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A [speech given this morning](https://www.gov.uk/government/speeches/the-myths-and-realities-of-shale-gas-exploration “”) by Energy Secretary Ed Davey to the Royal Society should help soothe the rattled nerves of the climate movement and help bring the debate on shale gas to a close. The government and climate NGOs have locked horns over fracking in what has become a symbolic debate about Britain’s energy future. [The Prime Minister](http://www.telegraph.co.uk/news/politics/10236664/We-cannot-afford-to-miss-out-on-shale-gas.html “”) has argued that shale will lower our bills, the climate NGOs have argued it will breach our climate targets and poison our local environment. Davey’s speech roundly counters both claims.

Both sides of the shale debate seem to have wilfully c onfused the question of gas _production_ with gas electricity _generation_ and drawn false analogies with the U.S. shale boom. But the problem here is that, unlike America, the UK is part of a highly interconnected regional gas network of pipelines and LNG terminals. This means that gas produced in the UK will be sold at essentially the same price to British energy companies as it is to Japanese ones, namely at the highest price anyone is willing to pay for it. This is bad news for British consumers who were expecting mate’s rates on their gas and electricity bills, but good news for British taxpayers as the Treasury gains larger receipts on the profits made by Cuadrilla or other onshore operators. This is also good, or at least indifferent, news for the UK’s climate targets insofar as shale gas extraction has essentially _no bearing_ on whether or not we achieve them. This should be obvious from the example of Norway, which manages to generate 95% of its electricity from renewable sources, despite being far and away the biggest oil and gas producer in Europe.

While there are some process emissions involved with extracting shale gas, these do not pose a serious threat to meeting our climate targets – the UK regulations on methane venting and flaring are much stronger than in the US, and the best evidence suggests that the carbon footprint of shale gas will be slightly worse than conventional gas but better than LNG and, of course, far better than unabated coal. This had already been [stated by the Climate Change Committee](http://www.theccc.org.uk/blog/all-hail-shale/ “”), the same body which sets Britain’s legally binding carbon targets, before being corroborated in the new [DECC report](https://www.gov.uk/government/publications?departments%5B%5D=department-of-energy-climate-change “”) launched by Ed Davey today.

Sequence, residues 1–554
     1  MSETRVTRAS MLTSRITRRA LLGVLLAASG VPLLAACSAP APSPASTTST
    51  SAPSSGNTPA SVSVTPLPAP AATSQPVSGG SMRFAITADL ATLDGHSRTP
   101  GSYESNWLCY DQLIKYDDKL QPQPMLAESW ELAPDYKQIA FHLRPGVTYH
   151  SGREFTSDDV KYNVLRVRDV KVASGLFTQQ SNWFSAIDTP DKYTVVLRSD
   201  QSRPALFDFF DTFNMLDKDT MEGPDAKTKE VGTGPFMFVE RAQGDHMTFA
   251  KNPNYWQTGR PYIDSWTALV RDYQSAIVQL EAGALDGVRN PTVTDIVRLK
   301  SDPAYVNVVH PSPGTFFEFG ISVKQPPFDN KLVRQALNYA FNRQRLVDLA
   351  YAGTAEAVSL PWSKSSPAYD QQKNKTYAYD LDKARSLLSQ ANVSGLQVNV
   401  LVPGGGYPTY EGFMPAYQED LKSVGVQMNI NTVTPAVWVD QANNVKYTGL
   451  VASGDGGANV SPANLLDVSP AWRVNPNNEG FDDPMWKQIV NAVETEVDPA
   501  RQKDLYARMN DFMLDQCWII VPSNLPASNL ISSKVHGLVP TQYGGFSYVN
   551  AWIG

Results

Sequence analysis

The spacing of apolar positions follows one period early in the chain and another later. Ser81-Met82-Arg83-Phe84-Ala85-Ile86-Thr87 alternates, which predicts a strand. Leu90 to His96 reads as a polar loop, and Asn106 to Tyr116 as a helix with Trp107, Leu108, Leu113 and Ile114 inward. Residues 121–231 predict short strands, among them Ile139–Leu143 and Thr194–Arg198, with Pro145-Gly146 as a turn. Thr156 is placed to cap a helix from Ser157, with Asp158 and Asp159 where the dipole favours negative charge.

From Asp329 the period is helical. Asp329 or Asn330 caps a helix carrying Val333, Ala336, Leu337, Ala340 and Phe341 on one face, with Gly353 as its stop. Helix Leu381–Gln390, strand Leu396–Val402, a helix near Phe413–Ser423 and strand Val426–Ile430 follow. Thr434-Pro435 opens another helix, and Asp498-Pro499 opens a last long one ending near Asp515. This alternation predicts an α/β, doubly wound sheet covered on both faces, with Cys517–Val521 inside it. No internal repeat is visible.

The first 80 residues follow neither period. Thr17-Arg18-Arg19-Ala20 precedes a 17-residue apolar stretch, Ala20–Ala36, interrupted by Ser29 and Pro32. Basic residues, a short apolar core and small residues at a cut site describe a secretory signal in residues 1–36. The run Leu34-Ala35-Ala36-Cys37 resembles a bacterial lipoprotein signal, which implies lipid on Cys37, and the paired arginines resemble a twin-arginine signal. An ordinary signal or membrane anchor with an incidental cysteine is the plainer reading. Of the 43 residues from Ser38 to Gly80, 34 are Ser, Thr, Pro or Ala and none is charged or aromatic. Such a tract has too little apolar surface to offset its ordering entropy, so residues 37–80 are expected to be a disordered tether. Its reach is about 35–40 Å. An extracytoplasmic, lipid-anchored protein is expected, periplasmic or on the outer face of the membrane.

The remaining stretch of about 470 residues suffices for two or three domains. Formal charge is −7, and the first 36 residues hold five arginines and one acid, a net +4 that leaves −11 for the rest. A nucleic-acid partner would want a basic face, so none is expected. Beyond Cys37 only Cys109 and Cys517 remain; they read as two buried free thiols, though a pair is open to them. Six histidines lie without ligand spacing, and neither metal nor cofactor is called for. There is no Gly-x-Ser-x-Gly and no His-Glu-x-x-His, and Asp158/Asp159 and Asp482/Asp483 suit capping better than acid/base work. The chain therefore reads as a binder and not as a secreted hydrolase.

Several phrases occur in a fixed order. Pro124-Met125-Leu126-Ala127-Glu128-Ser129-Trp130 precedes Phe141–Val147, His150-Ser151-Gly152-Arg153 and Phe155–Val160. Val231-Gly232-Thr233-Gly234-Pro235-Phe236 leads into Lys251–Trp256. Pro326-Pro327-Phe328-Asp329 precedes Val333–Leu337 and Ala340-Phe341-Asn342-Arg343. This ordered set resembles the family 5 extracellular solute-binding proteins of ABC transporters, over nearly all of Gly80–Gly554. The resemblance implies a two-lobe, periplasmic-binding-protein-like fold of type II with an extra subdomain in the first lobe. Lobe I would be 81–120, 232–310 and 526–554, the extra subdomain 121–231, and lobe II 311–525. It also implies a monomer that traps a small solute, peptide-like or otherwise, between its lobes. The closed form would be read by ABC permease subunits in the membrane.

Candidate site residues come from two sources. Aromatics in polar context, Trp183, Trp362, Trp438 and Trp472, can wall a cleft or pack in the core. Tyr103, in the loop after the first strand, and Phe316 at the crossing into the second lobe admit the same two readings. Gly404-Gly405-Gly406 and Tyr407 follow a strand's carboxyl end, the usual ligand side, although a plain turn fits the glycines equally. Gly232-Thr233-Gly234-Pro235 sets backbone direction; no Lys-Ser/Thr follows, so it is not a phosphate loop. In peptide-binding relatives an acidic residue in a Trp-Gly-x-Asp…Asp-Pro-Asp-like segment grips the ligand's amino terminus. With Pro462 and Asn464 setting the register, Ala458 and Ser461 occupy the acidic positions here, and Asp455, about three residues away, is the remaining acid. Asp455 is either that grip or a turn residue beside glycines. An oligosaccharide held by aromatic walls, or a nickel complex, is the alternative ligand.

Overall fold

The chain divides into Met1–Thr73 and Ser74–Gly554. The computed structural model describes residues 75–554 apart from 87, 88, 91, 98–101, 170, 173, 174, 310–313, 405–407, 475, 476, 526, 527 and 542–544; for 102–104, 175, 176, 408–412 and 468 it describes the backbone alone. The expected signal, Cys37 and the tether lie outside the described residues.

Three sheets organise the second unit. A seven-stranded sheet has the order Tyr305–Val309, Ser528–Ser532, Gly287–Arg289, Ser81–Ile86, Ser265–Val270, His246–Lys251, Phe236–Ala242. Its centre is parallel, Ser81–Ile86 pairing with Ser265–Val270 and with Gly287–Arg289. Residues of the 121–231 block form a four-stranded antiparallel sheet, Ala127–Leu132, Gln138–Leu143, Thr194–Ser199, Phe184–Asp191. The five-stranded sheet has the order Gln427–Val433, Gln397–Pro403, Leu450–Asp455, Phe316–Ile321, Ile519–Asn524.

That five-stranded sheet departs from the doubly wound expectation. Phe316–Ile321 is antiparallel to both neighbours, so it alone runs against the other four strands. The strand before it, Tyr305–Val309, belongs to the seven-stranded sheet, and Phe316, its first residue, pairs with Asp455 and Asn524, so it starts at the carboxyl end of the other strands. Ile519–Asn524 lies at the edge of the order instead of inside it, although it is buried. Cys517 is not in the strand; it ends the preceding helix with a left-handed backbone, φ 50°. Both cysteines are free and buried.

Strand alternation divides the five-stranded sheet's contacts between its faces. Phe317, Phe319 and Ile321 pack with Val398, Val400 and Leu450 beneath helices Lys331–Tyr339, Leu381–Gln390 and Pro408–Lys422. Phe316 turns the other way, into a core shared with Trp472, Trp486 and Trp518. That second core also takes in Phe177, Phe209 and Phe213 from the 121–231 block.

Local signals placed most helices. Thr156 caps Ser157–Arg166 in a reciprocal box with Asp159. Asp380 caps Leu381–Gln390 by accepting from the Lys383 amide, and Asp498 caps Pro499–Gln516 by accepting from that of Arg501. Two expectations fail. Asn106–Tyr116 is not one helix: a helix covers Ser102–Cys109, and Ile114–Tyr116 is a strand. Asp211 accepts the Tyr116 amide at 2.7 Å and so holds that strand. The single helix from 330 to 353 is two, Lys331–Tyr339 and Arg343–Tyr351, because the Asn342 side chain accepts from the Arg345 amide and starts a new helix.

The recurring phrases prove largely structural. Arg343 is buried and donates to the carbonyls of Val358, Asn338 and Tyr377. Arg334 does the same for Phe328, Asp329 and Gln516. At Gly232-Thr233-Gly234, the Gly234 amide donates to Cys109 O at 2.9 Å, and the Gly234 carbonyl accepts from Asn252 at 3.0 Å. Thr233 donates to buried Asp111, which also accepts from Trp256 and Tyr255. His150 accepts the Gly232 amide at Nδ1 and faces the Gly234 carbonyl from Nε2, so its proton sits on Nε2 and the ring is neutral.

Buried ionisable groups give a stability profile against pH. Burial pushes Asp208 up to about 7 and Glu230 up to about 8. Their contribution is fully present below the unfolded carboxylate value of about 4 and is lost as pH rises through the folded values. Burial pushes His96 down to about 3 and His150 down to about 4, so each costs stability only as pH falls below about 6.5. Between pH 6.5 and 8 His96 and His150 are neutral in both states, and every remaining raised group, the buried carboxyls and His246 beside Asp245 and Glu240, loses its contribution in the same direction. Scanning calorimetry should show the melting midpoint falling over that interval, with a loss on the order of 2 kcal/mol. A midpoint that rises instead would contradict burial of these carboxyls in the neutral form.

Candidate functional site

What then, we might ask, was all the fuss about? In reality, the shale debate has been a _proxy battle_ over the government’s [gas generation strategy](https://www.gov.uk/government/uploads/system/uploads/attachment_data/file/65654/7165-gas-generation-strategy.pdf “”), which entertains scenarios that imply a total disregard for the UK’s near term climate targets. This danger was already highlighted by the Climate Change Committee, when it cautioned government that “early decarbonisation of the power sector should be plan A – and the dash for gas [Plan Z](http://www.theccc.org.uk/news-stories/ccc-says-early-decarbonisation-of-the-power-sector-should-be-plan-a-and-the-dash-for-gas-plan-z/ “”).”

Given the government’s thinly veiled enthusiasm for this new dash for gas, environmentalists might be excused for using shale as a platform to make our fears known to the media. But the alarm of environmental NGOs risks turning into alarmism if we continue to compound the confusion of gas production with gas generation, or draw further false analogies with the worst environmental practices in the United States: whether by citing irrelevant studies on methane leakage, or by terrifying local communities with tales of fiery faucets, poisoned groundwater, and earthquakes. These environmental risks can be managed through effective regulation, as has now been confirmed by [DECC](https://www.gov.uk/government/publications?departments%5B%5D=department-of-energy-climate-change “”), the [Climate Change Committee](http://www.telegraph.co.uk/earth/earthnews/10013034/Climate-change-advisers-says-fracking-can-be-OK.html “”), [the Royal Society and the Royal Academy of Engineers](http://royalsociety.org/policy/projects/shale-gas-extraction/report/ “”). The environment movement plays a dangerous game if we start siding with the scientific establishment only when it suits our purposes. As urgent as it is to secure more climate ambition at home and abroad, such tactics might win the battle but lose the war.

Rather than continuing to oppose shale extraction, environmentalists should now be moving to ensure these strong regulations are put in place, and that the integrity of the UK’s climate targets is maintained. Davey makes some welcome mood music on this front when he stated today that “here at home we must not and will not allow shale gas production to compromise our focus on boosting renewables, nuclear and other low carbon technologies”, but this hardly translates into the reassurance the climate movement needs: a firm 2030 decarbonisation target for the power sector and an ironclad 4th carbon budget.